The Ion Audio ITTUSB turntable let’s your mom and dad’s old vinyl albums to your PC and hear what they were groovin’ to during the Summer of Love. Now sure, this unit has been around for awhile, but Ion has turned things up to eleven with some very notable improvements. First off, they’ve added two additional models which bypass the PC altogether and allow users to rip directly to either their iPod or burn straight to CD. That’s an awesome feature that’ll make it easy as pie for the convenience oriented consumer just lookin’ to preserve their old favorites without having to shell out an additional $20 for CD or $10 for downloads.
Those who don’t mind the nostalgia that comes with the cracks and pops of playing the album while capturing can look to the LP Dock or the LP 2 CD models for convenient digital transfer. However, those audio obsessed who wish to clean up the recording and play “sound engineer” can simply get the ITTUSB model and capture the album all at once using the included open source software called Audacity. Audacity does take some getting used to, however, and is not for the weak of heart. It’s open source development make it free to use (you can download it on the Internet), but the learning curve may be steep for the “blinking VCR crowd.” Still, the journey will be worth taking and your patience will be rewarded as you learn to clean up those old albums and restore them to practically new but in a more updated digital format.
Thankfully, Ion also includes some notable utilities that can make the process more automatic and streamlined. EZ Vinyl Converter 2 for PC (EZVC2) and EZ Audio Converter for Mac (EZAC); the best way to record and convert vinyl directly to iTunes. EZVC2 features Gracenote® MusicID technology, which analyzes your vinyl and automatically retrieves album, artist and song information for you. EZAC also lets you easily enter track information.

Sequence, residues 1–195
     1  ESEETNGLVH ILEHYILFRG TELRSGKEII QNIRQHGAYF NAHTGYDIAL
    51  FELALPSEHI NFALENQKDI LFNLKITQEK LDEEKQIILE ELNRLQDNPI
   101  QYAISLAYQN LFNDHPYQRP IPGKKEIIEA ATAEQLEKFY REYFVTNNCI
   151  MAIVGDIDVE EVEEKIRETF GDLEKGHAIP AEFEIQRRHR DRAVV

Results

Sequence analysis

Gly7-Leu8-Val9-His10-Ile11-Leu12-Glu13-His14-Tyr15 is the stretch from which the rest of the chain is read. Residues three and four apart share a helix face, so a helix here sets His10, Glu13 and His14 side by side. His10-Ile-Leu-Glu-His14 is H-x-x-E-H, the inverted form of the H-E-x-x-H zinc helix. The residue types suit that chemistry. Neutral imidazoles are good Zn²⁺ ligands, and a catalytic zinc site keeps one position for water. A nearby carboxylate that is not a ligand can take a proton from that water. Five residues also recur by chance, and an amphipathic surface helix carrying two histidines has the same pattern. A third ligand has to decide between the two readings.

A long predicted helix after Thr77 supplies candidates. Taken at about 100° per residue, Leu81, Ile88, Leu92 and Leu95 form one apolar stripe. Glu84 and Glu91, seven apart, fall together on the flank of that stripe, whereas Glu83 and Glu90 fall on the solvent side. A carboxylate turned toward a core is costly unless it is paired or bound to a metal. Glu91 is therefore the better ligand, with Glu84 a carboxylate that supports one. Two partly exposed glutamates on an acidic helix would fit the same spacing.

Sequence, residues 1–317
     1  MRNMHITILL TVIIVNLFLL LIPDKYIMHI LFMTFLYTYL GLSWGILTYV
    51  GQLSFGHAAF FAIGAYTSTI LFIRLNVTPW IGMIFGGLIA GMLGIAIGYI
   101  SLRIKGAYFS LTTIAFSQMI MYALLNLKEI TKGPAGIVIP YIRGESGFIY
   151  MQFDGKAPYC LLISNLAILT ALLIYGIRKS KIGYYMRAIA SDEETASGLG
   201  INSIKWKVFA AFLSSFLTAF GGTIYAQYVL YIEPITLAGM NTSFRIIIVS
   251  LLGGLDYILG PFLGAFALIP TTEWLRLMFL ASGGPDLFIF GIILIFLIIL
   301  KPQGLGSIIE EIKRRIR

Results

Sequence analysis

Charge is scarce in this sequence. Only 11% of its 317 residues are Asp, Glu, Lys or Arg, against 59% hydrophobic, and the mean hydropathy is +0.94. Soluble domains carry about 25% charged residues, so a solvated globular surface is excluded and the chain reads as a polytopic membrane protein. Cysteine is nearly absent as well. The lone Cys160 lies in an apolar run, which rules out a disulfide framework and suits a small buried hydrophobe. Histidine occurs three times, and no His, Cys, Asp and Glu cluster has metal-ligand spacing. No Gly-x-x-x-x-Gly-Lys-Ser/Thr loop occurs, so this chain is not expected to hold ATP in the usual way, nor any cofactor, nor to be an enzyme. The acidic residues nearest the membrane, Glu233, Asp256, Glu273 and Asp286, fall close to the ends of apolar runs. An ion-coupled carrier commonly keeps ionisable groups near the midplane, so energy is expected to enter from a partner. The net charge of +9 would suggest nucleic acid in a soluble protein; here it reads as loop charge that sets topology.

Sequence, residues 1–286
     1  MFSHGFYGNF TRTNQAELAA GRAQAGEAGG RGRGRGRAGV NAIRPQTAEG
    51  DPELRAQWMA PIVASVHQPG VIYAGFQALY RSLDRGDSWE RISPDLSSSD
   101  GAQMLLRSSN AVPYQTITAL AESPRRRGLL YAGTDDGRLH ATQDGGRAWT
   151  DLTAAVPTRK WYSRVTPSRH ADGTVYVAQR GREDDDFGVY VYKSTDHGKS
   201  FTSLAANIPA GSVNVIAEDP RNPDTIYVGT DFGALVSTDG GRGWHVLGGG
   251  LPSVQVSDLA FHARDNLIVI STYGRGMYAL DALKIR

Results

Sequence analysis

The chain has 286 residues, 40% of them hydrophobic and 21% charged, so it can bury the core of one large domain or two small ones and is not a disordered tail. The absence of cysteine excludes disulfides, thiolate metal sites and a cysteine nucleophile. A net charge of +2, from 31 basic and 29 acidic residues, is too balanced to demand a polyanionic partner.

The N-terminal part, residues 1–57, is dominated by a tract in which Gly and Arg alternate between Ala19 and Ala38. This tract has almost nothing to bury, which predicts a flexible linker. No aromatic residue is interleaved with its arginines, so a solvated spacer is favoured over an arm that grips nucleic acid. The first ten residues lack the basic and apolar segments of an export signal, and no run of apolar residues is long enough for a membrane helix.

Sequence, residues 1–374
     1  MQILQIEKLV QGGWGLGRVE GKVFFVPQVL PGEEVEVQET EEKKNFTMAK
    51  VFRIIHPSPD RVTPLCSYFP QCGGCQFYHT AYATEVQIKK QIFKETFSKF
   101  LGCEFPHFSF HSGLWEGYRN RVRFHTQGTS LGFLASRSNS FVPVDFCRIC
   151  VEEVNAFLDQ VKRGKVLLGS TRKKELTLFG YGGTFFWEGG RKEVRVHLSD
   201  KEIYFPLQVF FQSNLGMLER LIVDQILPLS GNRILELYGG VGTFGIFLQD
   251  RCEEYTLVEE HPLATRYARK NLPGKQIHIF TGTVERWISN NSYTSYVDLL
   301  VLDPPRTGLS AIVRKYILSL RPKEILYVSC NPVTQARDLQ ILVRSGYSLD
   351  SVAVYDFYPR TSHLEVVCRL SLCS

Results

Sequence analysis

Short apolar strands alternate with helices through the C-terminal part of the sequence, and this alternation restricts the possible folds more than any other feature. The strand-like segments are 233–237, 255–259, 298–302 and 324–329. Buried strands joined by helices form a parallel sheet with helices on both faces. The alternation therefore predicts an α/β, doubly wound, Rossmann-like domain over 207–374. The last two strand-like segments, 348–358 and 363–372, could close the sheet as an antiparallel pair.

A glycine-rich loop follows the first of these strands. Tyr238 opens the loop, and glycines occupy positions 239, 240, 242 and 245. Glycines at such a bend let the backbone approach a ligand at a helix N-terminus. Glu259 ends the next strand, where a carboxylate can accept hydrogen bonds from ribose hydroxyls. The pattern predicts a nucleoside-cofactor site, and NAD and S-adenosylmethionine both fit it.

The Ion Turntables are completely plug and play and you can pick up a refurbished model for under $100. The LP Dock and the LP2CD models, however, will run you a bit more, around $250 for the iPod model and $400 for the LP2CD (which isn’t bad considering it has a CD burner built in).
Is it easy to use? Absolutely. Especially the LPDock and LP2CD which will rip and record directly to digital with no worries of connection or humming issues. And when you consider the cost of replacing all those LP3 to CD or even MP3 download, the investment is more than worth it. And considering that many classic albums (like those recorded in 78 RPM) simply aren’t available in a more current format (like those Japanese bootlegs you have hidden), the ability to rip those old albums to mp3 become even more important.
Consider investing in these, and it’s sister product the Tape2PC – which will rip cassettes to mp3 tracks as well.
Too bad there isn’t an 8Track2PC available. I’ve got hundreds of cartridges just waiting to be digitized!
No Comments »